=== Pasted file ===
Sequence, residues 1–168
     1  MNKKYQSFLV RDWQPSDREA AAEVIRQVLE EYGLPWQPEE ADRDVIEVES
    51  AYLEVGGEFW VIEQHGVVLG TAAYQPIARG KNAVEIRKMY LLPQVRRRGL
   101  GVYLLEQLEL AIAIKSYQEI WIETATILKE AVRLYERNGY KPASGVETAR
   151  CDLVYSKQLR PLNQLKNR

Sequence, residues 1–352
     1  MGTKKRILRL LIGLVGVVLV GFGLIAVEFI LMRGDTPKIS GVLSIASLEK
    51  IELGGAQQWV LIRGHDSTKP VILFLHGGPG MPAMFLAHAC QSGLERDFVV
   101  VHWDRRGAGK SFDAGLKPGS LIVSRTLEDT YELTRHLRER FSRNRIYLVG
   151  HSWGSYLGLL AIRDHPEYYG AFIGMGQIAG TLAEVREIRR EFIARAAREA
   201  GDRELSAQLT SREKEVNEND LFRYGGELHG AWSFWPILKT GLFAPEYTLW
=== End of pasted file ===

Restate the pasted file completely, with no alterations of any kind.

Sequence, residues 1–168
     1  MNKKYQSFLV RDWQPSDREA AAEVIRQVLE EYGLPWQPEE ADRDVIEVES
    51  AYLEVGGEFW VIEQHGVVLG TAAYQPIARG KNAVEIRKMY LLPQVRRRGL
   101  GVYLLEQLEL AIAIKSYQEI WIETATILKE AVRLYERNGY KPASGVETAR
   151  CDLVYSKQLR PLNQLKNR

Sequence, residues 1–352
     1  MGTKKRILRL LIGLVGVVLV GFGLIAVEFI LMRGDTPKIS GVLSIASLEK
    51  IELGGAQQWV LIRGHDSTKP VILFLHGGPG MPAMFLAHAC QSGLERDFVV
   101  VHWDRRGAGK SFDAGLKPGS LIVSRTLEDT YELTRHLRER FSRNRIYLVG
   151  HSWGSYLGLL AIRDHPEYYG AFIGMGQIAG TLAEVREIRR EFIARAAREA
   201  GDRELSAQLT SREKEVNEND LFRYGGELHG AWSFWPILKT GLFAPEYTLW